I got off work and drove deep into the desert. I turned off the highway and headed down a dirt road and until headlights faded in the distance. I parked and laid down on the dirt. Stars littered the sky like pieces of shattered glass. I thought of the anguished bereaved like Brad, floating alone in the dark, burdened by the weight of unimaginable loss, robbed of the rituals we have historically relied on to give meaning to grief.
A shooting star tore across the sky. When its light disappeared, my eyes focused on a star. It was Sirius. The chaos of the stars began to take shape. I no longer saw stars but instead Cetus, Cassiopeia, Andromeda. Suddenly the sky was a history of tragedies, triumphs, and losses.
This year left many in the dark, struggling to make sense of senseless loss. We may feel alone in our grief, but we are part of a bigger constellation. To look at the night sky and see stories, to create meaning and myth out of the pieces of our shattered lives, and to know in that ancient way of knowing that our loneliness is shared is what it is to be human. This collective hardship allows us to defy the distance between us and look into the eyes of a stranger and feel the thread of our inexplicable bond. It is not easy, but it is what these times demand. So, as we stand alone looking upward and find ourselves confronted by the darkness of the night sky and the chaos of the stars, what will we choose to see?
2021 Hope Babette Tang Humanism in Healthcare Essay Contest
The Arnold P. Gold Foundation holds an annual essay contest to encourage medical and nursing students to reflect on their experiences and engage in narrative writing. The contest began in 1999 open to medical students and expanded in 2018 to include nursing students. Students are asked to respond to a specific prompt in a 1,000-word essay.
For the 2021 contest, students were asked to use the following quote as inspiration to reflect on humanism in health care during the past difficult year using their experiences or observations, as an individual or as a team (doctors, nurses, therapists, etc.)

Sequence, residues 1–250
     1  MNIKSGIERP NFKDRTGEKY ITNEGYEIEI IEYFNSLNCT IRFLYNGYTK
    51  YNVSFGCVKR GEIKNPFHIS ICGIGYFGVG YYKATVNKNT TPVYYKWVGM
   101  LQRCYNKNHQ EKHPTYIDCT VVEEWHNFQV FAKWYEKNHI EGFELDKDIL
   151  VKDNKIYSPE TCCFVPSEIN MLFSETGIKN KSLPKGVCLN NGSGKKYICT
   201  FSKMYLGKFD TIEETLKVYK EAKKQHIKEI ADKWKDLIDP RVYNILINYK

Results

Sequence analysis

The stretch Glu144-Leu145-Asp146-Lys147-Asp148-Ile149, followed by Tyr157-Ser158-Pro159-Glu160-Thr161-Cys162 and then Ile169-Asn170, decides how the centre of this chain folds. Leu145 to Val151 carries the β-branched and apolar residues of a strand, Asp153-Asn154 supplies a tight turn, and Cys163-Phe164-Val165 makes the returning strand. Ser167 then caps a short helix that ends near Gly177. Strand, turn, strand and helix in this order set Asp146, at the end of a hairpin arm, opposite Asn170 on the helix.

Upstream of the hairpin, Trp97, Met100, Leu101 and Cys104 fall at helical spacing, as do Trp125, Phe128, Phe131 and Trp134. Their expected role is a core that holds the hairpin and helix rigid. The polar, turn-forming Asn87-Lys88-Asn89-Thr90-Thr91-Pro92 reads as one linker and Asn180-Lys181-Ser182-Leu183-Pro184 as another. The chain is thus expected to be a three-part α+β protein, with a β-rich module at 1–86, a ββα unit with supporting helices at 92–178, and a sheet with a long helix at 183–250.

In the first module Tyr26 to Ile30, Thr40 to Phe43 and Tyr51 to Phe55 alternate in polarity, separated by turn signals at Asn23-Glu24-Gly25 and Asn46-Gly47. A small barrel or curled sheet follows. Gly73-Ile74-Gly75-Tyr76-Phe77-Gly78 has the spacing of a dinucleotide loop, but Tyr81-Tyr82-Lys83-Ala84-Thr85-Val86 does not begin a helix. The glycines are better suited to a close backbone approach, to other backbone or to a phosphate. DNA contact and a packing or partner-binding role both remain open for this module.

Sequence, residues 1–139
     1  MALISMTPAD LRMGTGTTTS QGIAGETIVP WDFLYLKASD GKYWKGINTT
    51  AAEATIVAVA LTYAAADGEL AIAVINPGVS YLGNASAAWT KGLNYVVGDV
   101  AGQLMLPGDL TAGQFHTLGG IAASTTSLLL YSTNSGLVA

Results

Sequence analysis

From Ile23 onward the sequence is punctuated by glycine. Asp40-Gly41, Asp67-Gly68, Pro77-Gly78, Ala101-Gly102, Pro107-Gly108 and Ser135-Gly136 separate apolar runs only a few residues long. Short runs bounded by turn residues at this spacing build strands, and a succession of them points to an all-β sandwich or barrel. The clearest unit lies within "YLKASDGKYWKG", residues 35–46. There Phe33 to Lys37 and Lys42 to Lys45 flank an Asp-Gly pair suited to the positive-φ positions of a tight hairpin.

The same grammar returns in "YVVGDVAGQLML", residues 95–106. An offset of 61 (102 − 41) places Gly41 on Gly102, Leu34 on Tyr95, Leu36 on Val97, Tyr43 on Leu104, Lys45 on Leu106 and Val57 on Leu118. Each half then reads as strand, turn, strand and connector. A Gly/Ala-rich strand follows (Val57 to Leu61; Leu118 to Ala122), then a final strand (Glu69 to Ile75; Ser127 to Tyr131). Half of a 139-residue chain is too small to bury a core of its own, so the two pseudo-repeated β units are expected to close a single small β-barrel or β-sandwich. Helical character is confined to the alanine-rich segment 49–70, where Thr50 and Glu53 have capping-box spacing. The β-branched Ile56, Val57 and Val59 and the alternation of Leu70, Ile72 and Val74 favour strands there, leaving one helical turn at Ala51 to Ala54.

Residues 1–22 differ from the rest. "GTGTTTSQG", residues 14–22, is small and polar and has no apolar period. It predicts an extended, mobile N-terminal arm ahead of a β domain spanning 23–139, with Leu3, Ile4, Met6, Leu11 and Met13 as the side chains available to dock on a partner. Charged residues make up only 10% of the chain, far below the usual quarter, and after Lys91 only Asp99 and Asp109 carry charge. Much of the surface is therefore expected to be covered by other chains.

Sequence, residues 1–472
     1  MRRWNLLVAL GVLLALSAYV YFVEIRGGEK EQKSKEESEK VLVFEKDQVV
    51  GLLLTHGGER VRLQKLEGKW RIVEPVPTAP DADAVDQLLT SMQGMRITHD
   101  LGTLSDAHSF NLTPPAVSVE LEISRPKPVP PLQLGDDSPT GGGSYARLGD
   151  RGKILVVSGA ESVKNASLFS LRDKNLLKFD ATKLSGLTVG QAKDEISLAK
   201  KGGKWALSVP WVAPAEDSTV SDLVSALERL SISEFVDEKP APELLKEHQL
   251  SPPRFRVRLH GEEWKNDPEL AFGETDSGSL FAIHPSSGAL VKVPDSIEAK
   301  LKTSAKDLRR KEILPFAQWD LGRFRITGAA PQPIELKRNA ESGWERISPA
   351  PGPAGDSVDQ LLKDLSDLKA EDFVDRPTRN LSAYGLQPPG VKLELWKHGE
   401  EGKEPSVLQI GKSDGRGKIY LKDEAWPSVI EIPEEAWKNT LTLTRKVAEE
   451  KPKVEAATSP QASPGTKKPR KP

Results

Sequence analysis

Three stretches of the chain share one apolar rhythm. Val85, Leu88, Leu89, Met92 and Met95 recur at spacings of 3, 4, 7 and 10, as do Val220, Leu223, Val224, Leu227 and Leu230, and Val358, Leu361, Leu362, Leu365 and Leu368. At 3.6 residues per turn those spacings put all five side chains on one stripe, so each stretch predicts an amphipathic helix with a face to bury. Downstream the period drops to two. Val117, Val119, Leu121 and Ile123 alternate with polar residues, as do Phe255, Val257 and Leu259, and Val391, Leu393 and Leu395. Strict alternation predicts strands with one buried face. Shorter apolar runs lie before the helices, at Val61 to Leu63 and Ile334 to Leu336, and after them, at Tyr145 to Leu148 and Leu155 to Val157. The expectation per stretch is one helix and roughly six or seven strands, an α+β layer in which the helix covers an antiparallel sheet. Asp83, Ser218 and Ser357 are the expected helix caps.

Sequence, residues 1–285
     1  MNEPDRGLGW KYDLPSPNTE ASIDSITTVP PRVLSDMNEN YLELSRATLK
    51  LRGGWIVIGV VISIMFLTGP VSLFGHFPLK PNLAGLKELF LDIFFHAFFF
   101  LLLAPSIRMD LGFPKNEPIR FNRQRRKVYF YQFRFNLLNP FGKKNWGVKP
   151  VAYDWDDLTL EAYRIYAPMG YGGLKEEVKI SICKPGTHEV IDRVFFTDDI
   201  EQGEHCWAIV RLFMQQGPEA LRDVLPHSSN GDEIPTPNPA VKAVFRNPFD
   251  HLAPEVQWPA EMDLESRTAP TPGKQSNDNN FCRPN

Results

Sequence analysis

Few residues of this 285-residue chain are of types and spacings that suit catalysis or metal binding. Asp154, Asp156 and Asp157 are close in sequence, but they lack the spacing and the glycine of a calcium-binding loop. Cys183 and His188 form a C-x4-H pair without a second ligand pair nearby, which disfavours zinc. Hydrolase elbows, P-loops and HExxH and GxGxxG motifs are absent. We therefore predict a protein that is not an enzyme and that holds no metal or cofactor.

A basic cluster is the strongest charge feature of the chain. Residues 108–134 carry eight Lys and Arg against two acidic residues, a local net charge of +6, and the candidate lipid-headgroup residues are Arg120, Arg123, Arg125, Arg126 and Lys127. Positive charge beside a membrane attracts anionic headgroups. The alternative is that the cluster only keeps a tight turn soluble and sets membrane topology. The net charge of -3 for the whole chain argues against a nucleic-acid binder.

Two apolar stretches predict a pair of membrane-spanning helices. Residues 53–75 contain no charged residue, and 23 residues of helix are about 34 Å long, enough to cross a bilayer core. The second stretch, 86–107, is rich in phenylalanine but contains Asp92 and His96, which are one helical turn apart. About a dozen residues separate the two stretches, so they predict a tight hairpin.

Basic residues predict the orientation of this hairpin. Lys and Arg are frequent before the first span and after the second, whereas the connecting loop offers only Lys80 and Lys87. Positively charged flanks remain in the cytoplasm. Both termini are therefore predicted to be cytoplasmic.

“We’ll observe how the burdens braved by humankind
Are also the moments that make us humans kind;
Let each morning find us courageous, brought closer;
Heeding the light before the fight is over.
When this ends, we’ll smile sweetly, finally seeing
In testing times, we became the best of beings.”
—Excerpt from “The Miracle of Morning,” by Amanda Gorman
More than 270 essays were submitted. A distinguished panel of judges, including esteemed health care professionals and notable authors, reviewed the submissions. Three winning essays from medical students and three winning essays from nursing students were selected, along with 9 honorable mentions. The winning essays will be published in consecutive issues of Academic Medicine and the Journal of Professional Nursing in the fall/winter of 2021.
The contest is named for Hope Babette Tang-Goodwin, MD, who was an assistant professor of pediatrics. Her approach to medicine combined a boundless enthusiasm for her work, intellectual rigor, and deep compassion for her patients. She was an exemplar of humanism in medicine.
The Arnold P. Gold Foundation is a nonprofit organization that champions humanism in health care, defined as compassionate, collaborative, and scientifically excellent care. This Gold standard of care embraces all and targets barriers to such care. The Gold Foundation empowers experts, learners, and leaders to together create systems and cultures that support humanistic care for all.